Cheesy & low-budgeted 80's monster movies form a truly peculiar cinema breed. A small selection of them is so bad they become good again (or at least very amusing), but most of them are so bad they're just plain awful, period. "Scared to Death" represents a category on its own, namely the absolute worst of the worst. Besides being badly written, poorly acted, weakly directed and cheesy, this film is also unimaginably boring! Horror fans, myself included - are generally quite tolerant when it comes to 80's junk, but one thing nobody can stand is a mixture of cheese and boredom. The building up towards the killings takes far too long (up to seven minutes even) and when the creature finally strikes, we see absolutely nothing and the action promptly swifts to another scene. What's that all about? The story is also pretty non-existent and incoherent as hell. It's some kind of earthbound "Alien" rip-off, with a murderous monster dwelling around the sewers and occasionally perpetrating a lonely woman's house or car in order to kill her. One incompetent cop and one pathetic ex-cop slowly (better make that VERY slowly) discover the creature is a genetic experiment that went a little awry and got dumped in the sewers by its creators. They call it a Syngenor, which stand for Synthetic Genetic Organism, and apparently it has a large appetite and a preference for young chicks on roller blades. The sub plot about the ex-cop's beautiful romance with a lady whose car he accidentally hit is totally irrelevant and dreadful. There isn't the slightest bit of suspense or any attempt to create an atmosphere; all the potentially interesting sequences are dimly lit and when we finally catch a decent glimpse of the monster it looks like a poor imitation of "Alien". The cast members are a bunch of untalented nobodies and William Malone's direction is weak and uninspired. William Malone? Wasn't he also responsible for the more recent but equally stinking pile of garbage "Feardotcom"? Twenty years later and still a lousy director, practice doesn't always makes perfect. However, his other cheesy & low-budgeted 80's monster movie "Creature" (starring Klaus Kinski!) does qualify as so bad it's good!
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Scared to Death
Scarecrow-887 January 2009
Warning: Spoilers
Genetically created asexual lifeform(syngenor), whose tongue enters into the victim's throat removing spinal fluid(..and in turn causing epileptic seizure and rendering the person comatose if not dead), is using LA as a hunting ground, lurking in the dark, moving undetected by police(..who believe they are seeking a dangerous psychopath) through the underground sewer system. It leaves behind a slimy residue at the crime scenes and has reproduced creatures( cocoons)which are being housed in an area within the sewers, feeding from the spinal fluid of living humans. The syngenor, at times, lets out a high pitch squeal which signifies it's presence. A trash novelist, Ted(John Stinson), once a detective before alcoholism stifled his career, is pulled into the case by long time pal, Detective Lou Capell(Jonathan David Moses) who is puzzled by the strange circumstances surrounding these peculiar deaths. Ted, through a chance encounter thanks to an accidental crash, has found love with a sophisticated business woman, Jennifer(Diana Davidson). Jennifer begins getting involved with Ted's everyday life, finding herself at a crime scene after he decides, thanks in part to Lou's constant pleas for help, to assist his friend in such a baffling mystery. Jennifer finds herself in the clutches of the syngenor when a woman who has information on the killer flees the scene in fear leaving her to a possible death. Jennifer, unconscious and comatose, with what the medical staff considers a brain tumor, lies in a hospital bed in grave condition as Ted seeks out the monster with the help of Sherry Carpenter(Toni Jannotta)..Sherry was the woman who was supposed to meet with Jennifer and chickened out. Informing Ted and Lou of her former( deceased)employer, a geneticist who had planned on killing the beast before it could escape onto a world with no knowledge of it's existence, they will have to search for it without the police's assistance. Lou explains to Ted that his superiors have closed the case after a shootout with a suspect they believed was the psycho on the loose. Ted and Jennifer will brave the darkened, cold sewer system in search of the syngenor hoping to stop it so that the killing will cease.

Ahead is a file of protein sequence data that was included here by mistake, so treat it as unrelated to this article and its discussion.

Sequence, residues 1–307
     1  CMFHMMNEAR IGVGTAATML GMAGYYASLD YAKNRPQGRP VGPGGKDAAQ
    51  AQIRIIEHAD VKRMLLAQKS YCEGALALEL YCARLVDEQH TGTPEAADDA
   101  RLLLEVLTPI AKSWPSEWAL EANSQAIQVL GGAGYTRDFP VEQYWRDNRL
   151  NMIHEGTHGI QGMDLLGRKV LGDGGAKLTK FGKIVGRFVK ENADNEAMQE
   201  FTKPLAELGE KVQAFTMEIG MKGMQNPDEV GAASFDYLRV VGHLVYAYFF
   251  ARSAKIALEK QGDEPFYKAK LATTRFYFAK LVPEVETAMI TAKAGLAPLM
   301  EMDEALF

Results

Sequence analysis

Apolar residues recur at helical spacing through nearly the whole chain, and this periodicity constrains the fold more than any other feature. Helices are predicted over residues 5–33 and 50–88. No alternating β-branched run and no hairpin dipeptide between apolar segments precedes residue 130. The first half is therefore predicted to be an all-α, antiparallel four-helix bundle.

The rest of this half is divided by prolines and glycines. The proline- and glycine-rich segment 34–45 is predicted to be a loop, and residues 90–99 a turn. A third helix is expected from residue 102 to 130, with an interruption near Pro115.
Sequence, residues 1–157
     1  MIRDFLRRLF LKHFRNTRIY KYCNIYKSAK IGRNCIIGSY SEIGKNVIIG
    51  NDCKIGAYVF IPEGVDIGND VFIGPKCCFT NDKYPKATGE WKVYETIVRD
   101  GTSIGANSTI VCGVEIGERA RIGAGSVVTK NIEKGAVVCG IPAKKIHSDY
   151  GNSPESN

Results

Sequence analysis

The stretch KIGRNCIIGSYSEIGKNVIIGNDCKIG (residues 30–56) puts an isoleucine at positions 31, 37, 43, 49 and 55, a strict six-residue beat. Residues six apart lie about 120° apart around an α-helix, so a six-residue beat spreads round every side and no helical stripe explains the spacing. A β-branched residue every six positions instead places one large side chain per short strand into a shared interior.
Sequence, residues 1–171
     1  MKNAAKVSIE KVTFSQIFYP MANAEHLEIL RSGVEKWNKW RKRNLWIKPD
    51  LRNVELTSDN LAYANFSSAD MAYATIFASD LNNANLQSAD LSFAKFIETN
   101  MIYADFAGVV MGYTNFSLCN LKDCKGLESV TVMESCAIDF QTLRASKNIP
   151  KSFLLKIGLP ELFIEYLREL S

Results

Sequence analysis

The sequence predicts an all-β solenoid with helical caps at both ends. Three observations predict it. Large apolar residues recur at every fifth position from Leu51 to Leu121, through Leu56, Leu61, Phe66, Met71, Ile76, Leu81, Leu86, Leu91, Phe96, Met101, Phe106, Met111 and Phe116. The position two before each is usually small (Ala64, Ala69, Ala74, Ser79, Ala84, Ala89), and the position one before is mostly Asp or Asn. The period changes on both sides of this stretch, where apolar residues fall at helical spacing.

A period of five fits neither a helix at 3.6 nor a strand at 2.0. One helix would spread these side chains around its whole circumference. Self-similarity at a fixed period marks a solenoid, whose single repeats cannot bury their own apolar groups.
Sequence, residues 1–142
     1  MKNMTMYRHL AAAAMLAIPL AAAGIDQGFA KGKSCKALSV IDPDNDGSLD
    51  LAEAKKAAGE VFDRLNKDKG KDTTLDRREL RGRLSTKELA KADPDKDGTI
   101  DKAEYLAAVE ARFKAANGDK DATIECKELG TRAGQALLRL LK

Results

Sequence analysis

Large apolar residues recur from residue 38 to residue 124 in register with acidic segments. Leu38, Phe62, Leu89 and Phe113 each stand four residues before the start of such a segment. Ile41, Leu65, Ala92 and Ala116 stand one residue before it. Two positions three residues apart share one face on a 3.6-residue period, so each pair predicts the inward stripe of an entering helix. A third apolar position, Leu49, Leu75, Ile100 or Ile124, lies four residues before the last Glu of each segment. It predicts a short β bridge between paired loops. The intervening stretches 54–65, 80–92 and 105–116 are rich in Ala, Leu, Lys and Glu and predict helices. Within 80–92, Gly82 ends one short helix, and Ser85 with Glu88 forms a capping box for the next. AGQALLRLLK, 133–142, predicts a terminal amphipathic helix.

I will admit that I was hoping for Monster carnage, but director William Malone(feardotcom;House on Haunted Hill;Creature)opts for building suspense instead. I was hoping to see the creature's tongue inserting into a victim's mouth, enabling the viewer to see just how it removes spinal fluid, but Malone's budget( obvious from the dark, gritty cinematography)was perhaps just too small to elaborate such grisly details. And, perhaps to prevent us from realizing the fact that the creature is merely a monster suit with a stuntman inside, Malone doesn't allow true visibility of the syngenor lifeform until the very end..and even at the end, Malone carefully blankets it in darkness. But, we get to see those slobbery, sharp teeth with a serpentine tongue as it slithers from the mouth towards a poor female victim, face clutched within it's long fingers, feet high off the ground, frightened out of her wits. Malone spends a great deal of time showing potential victims unaware of what's in store for them( girl is actually attacked in her home). The creepiest scene, besides a well executed jump scene concerning a missing construction worker, takes place in the sewer when Ted and Sherry discover that innocent people have become life-support for the syngenor's cocooned offspring, drinking their spinal fluid through a type of umbilical cord! The search through the sewers is probably Malone's greatest triumph because he's able to build a dread in such a hostile environment where the monster considers home. There's a Carrie-type of jolt sequence at the end to cap off Malone's nightmare scenario of a creature hiding in the dark. Malone moves the pace rather slow in the early going, developing his small group of characters, while also establishing the prey, at night oblivious to their predator. The lack of gore was really what bummed me out, but Malone was making a different kind of film than the one I was expecting. A bit ugly and rough-around-the-edges(..a bit too murky for it's own good), Malone's film shows he was a pup learning his craft, but the final chase through the sewers into a machine shop displays potential. I've seen a lot worse shot on a shoestring budget, and this film certainly shows promise..a promise, I don't feel he's capitalized yet, despite the visual polish of his nightmarish urban hell of "feardotcom". The syngenor itself favors the alien walker in ALIEN quite a bit, perhaps fueling the mockery of those who detest filmmakers who attempt to cash in on the success of another.